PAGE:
Recently, Raspberry Pi Foundation released a new version of the Raspberry Pi OS with 8GB RAM. With the release of the new hardware product, they also renamed the officially supported OS from Raspbian to Raspberry Pi OS. In this short tutorial let us learn how to install the Raspberry Pi OS on Raspberry Pi 4b and see if there are some changes in installation.
Raspberry Pi OS
Raspberry Pi OS (previously called Raspbian) is the officially supported operating system from Raspberry Pi Foundation. It is based on Debian Buster and comes with all necessary software for its functioning.
Currently, the Raspberry Pi OS is available in three variants. You can download it from the Foundation’s download page. The three variants are:
- Raspberry Pi OS (32-bit) with desktop and recommended software
- Raspberry Pi OS (32-bit) with desktop
- Raspberry Pi OS (32-bit) Lite
The first two variants come with a GUI (Graphical User Interface). The Raspberry Pi OS Lite is a CLI (Command Line Interface) based OS. It comes with just enough preinstalled packages that are necessary to run web apps and services. In this example, we stick with Raspberry Pi OS Lite.
If you want to read more about the new Raspberry Pi 4b, you can read my article about it.
Download the Raspberry Pi OS Lite image from the Raspberry Pi’s Raspbian download page.
Take a micro-SD card (a pre-formatted card or the one that does not have some valuable data) and connect it to a computer using a micro-SD card reader. Prefer, atleast a UHS-I, Grade 1, Class 10 micro-SD card for better performance. We use the following card:
We will use ‘balenaEtcher’ program to flash the image to the card. So, you can download ‘balenaEtcher’ from their download page. Download the right installation media accordingly for your computer’s OS.
Start the ‘balenaEtcher’ program. Click on ‘Select image’ button and select the ‘Raspberry Pi OS Lite’ zip.
Next, click on the ‘Select target’ to select the card you want to flash with the image. Make sure you select the correct card. Flashing the image will erase all the data on the chosen card.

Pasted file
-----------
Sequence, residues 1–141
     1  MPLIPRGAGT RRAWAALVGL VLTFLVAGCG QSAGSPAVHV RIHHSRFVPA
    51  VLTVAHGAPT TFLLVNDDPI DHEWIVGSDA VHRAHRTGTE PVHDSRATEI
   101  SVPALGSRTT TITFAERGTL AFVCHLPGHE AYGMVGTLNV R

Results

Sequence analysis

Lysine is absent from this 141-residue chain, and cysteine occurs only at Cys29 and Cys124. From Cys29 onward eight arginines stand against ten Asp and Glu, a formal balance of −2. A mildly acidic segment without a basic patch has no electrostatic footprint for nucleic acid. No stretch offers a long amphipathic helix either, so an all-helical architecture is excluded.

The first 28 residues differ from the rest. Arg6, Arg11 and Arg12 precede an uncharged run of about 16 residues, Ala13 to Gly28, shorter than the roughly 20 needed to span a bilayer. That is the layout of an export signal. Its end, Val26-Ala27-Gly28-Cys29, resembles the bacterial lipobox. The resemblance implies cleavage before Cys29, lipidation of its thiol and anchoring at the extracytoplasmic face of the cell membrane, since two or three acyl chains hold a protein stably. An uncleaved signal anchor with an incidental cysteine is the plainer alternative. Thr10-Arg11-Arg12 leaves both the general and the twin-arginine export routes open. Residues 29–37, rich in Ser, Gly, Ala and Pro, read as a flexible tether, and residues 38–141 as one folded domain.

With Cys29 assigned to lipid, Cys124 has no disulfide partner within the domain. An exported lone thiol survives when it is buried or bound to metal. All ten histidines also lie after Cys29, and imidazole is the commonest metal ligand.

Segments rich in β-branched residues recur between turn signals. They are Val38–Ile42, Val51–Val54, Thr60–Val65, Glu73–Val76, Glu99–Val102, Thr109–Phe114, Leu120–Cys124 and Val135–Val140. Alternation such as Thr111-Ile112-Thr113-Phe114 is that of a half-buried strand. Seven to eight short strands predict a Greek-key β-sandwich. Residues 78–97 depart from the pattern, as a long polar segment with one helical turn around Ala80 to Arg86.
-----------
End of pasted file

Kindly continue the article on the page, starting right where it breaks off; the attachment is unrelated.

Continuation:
Review your selections and click on ‘Flash!’. After a while, the OS image would be flashed on to the card.
We have some steps that we recommend for the first boot. Please follow the steps below.
Booting Raspberry Pi OS Lite for the first time on Raspberry Pi 4b.
Go to the ‘boot’ partition on the flashed micro-SD card. Create an empty file named ‘ssh’ (without the single quotes).
Note: We are taking this step so that we don’t have to connect our Raspberry Pi 4 to an external monitor. We will SSH into our Raspberry Pi 4b to use the CLI.
Remove the micro-SD from the micro-SD card reader, plugin the ethernet cable and power cable. Raspberry Pi OS Lite would boot up.
Reserve a local IP address for the Raspberry Pi in your Router’s settings. This will make sure that the local IP address remains constant for the device.
Note: Steps for reserving the local IP are beyond the scope of this tutorial. The steps vary for each router manufacturer and model.
Connect to Raspberry Pi using SSH on a different machine on the same local network.
The command we need to use will be something as follow:
$ ssh useraname@localIPaddress
The default username for Raspberry Pi is
'pi'. And for this example, the local IP assigned to Rpi 4 is
192.168.0.5. So, our command to SSH into Rpi 4 would be:
$ ssh firstname.lastname@example.org
We will be shown the following message:
The default password for Raspberry Pi OS is
'raspberry'(without the single quotes). Type the password and press enter.
When we login for the first time, we are shown the message about changing the default password, wifi being currently disabled and setting the country before use. So let do that. Also, this is only difference from the Rasbian Buster Lite installation which we covered earlier.
After we login, we will need to change the default password to something secure. Enter the following command:
You will be asked to enter your current password and then new password two times (to double-check that you entered what you wanted).
Remember the password you typed in. And, keep it at a safe place. We will need this a lot in future.
Let us set the country now. Use the following command:
$ sudo raspi-config
You will be taken to a CLI based configuration tool. Select
'4 Localisation Options'and then set your ‘Time Zone’ and ‘WLAN country’ accordingly.
Let’s update the package list from repositories and upgrade the packages first. This is important from the security point of view. Having the packages up-to-date is must, there is no exception for that. Use the following commands to update and upgrade:
$ sudo apt-get update && sudo apt-get upgrade
Reboot your Raspberry Pi. Use the following command:
$ sudo shutdown -r now
After the reboot we will login again using SSH.
That is it, our Raspberry Pi with Raspberry Pi OS Lite is now ready. We may install any packages we wish.